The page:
A valiant effort at "Cracking the SAT II", June 27, 2005
Overall, although I admit there is no perfect SAT II: E/M book (nor will there ever be), I would have to say that the Princeton Review staff does the best job of any other SAT II: Biology E/M study guide. This book is a masterpiece of moderation; it lacks the humiliatingly low (for readers, that is) language–and title–of the "SAT II Biology for Dummies, yet also does not add university-level or AP biology in the way that Barron’s and Kaplan sometimes do. The author herself also has a remarkable way of interacting with the reader, understanding that most readers will only absorb information if they are frequently quizzed and treated with some humor. Another strong point I noticed in the book involved the way the author was able to simplify esoteric concepts by use of comparisons to other things that the average teenager can relate to. The large, detailed diagrams certainly did not hurt either, and I found it helpful to read the authors’ step-by-step summary of body systems like the nervous and circulatory ones. I discovered that on test day, it usually did me better to fully understand the big picture in much the same way that it was outlined in the book; for someone in a tenth-grade honors (not AP) biology class like me, there was a balance of informative and explanatory information throughout the book. Unfortunately, by the time I completed the exam this past June, I found that much of the author’s hard work had gone to waste because difficult concepts such as cellular respiration barely appeared on the test. Simply put, the test has changed to one where doesn’t really help to know more than basic concepts; the one or two super-detailed questions on each SAT II Biology will likely be so specific that they will only be covered in the textbook, anyway…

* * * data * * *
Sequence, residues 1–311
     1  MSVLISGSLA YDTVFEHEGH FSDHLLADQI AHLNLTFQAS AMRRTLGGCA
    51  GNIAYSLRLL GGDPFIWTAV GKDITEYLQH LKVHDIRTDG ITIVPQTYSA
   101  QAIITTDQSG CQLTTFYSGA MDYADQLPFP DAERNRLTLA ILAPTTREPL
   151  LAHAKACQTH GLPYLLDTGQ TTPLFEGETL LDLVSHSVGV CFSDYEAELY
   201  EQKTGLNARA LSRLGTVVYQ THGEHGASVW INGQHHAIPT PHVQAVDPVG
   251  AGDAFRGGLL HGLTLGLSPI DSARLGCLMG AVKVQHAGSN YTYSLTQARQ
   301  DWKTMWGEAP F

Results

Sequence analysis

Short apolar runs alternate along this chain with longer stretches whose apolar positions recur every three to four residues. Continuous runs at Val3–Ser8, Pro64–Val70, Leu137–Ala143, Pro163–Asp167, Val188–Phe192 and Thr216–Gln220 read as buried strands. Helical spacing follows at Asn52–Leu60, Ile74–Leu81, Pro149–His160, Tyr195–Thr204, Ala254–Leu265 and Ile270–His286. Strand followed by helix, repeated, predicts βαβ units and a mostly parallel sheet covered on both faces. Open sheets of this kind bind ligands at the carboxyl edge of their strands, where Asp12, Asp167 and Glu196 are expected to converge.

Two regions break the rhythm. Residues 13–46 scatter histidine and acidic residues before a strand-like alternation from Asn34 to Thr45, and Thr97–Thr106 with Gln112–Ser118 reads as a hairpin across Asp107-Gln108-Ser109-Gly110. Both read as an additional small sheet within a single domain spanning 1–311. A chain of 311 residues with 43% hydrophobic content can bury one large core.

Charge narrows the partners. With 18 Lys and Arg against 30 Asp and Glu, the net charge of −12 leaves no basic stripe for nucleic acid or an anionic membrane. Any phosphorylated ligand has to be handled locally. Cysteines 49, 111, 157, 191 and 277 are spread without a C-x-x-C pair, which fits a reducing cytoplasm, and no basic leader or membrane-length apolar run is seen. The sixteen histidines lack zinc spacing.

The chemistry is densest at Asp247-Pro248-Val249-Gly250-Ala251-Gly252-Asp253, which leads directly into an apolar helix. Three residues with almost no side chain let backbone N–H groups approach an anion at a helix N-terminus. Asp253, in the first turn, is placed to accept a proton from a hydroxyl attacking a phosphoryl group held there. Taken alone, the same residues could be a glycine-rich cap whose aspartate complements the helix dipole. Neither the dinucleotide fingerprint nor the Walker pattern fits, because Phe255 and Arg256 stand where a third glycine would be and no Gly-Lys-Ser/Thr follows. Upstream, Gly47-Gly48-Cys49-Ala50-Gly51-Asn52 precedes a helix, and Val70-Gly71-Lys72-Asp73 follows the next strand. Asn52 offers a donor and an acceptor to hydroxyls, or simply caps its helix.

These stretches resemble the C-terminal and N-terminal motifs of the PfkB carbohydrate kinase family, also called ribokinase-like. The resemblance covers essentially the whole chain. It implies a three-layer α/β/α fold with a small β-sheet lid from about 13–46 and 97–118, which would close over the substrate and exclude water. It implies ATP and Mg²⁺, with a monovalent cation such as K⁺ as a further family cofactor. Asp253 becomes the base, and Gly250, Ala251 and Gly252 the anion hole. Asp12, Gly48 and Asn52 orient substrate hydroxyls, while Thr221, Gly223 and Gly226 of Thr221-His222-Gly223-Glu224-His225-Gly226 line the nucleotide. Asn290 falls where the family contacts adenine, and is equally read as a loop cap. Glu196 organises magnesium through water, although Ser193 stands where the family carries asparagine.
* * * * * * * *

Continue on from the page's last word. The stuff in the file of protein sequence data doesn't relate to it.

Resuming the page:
For those who praise Kaplan/Barron’s for the extraneous detail they include to bring short-lived confidence to readers, making them think they know more than everyone else, all I can say is that the SAT in Biology has become so much more of a reasoning or "thinking" test (with the infamous lab questions) that books can only go so far; it is so much more the student than the book that determines the score — it pays to read a review book that actually explains the material accurately and lucidly but might compromise on detail a little. As a final note, while nobody in my class who used a detailed, "thorough" review book received a score over the low-600’s, my friend and I, who used Princeton Review and our own intellect exculsively on the test, received a 770 and 750, respectively. In my opinion, it is best to begin with Princeton Review and then progress to the other books only if there is extra studying time and have mastered that which is covered in Princeton’s. Good Luck!